‘Hawn, sex!’ – Why cat-calling is sexual harassment, not a compliment

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wolfwhistle

 

Where I’m from, cat-calling is so common, it is almost seen as a national stereotype. Woman walks down the street; man rolls down car window and makes a noise to, presumably, show his appreciation, usually accompanied by some hastily and loudly uttered proposition.

So common an occurrence is it, that some people joke about it and don’t give it much of a second thought. But is it really harmless? What is it like to know that every single time you walk down the street, or into a pub, or onto a bus, or into a restaurant or even, vows a friend of mine, into church (!), you are likely to be subjected to a cat-call? Every day, from the time you start to look like a woman, and simply because you look like a woman.

As of October 1, 2005, the EHRC defines sexual harassment as:

Unwanted conduct on the grounds of your sex

You must be able to show that the treatment is because you are a woman (or a man). […] The conduct must be done with the purpose of, or have the effect of, violating your dignity, or of creating an intimidating, hostile, degrading, humiliating or offensive environment for you.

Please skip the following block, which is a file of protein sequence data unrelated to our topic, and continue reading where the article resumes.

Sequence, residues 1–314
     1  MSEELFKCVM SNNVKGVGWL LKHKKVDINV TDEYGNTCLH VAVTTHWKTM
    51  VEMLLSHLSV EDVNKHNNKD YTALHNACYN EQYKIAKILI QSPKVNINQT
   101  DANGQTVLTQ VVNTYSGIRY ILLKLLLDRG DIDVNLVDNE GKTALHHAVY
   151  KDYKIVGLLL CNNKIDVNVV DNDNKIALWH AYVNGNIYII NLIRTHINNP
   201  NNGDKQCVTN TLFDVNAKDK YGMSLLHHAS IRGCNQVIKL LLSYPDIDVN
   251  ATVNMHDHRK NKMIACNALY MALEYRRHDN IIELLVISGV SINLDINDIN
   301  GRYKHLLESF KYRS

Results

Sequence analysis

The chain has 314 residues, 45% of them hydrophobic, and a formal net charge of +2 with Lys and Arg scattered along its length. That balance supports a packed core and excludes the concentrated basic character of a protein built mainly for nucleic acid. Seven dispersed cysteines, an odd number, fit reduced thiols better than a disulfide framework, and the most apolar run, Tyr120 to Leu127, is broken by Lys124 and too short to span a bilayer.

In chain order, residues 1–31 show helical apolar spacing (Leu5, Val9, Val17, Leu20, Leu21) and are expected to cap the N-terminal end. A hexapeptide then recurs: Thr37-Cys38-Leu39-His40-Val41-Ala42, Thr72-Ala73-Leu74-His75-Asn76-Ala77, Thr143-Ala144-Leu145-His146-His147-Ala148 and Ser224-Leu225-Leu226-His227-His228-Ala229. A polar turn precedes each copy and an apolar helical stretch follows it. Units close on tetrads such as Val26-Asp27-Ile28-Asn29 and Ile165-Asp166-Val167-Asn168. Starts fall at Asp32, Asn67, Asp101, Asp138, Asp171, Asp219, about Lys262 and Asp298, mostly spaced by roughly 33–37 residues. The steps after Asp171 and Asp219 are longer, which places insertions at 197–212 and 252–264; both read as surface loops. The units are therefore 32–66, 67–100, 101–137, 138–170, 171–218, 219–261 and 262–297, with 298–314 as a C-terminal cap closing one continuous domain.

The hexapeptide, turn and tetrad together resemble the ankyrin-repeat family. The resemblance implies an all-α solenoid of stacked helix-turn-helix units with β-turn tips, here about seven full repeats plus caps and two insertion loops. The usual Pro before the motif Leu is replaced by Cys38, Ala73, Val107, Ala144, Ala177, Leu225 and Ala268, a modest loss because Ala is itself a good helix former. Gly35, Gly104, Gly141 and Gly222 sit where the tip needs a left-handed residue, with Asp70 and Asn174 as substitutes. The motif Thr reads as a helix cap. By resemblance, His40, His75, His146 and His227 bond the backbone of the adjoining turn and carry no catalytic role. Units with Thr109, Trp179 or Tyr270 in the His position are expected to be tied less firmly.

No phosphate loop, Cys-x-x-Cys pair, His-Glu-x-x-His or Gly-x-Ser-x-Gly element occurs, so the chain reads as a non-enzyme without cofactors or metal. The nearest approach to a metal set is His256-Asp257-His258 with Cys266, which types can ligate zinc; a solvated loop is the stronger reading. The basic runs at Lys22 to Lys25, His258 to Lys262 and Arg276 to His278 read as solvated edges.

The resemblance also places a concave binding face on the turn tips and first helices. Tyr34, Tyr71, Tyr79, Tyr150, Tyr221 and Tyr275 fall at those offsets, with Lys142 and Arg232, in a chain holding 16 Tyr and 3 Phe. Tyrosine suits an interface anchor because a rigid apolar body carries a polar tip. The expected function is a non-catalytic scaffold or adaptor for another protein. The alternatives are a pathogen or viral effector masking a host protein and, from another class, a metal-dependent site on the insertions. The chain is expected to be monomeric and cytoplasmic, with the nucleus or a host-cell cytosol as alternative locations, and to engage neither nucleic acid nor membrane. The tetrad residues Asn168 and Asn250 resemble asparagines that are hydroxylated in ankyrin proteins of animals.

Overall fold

Unwanted physical, verbal or non-verbal conduct of a sexual nature

If the conduct is of a sexual nature, this is unlawful in itself and you do not have to compare yourself to how somebody of the opposite sex would be treated. This could include: Comments about the way you look which you find demeaning; Indecent remarks; Questions about your sex life; Sexual demands by a member of your own or the opposite sex.

By definition, then somebody sticking their head out of a window and yelling something like “Heyyy sexy” at a passer-by IS sexual harassment.

I asked some female friends of mine how they felt about being cat-called. Some dismissed it as “entertaining”; another said “It would be entertaining if I had a taser-gun. I consider it harassment”; another replied “Entertaining in a sarcastic way. I feel sorry for the filthy bastard who thinks I’d even consider complying with a request like that.”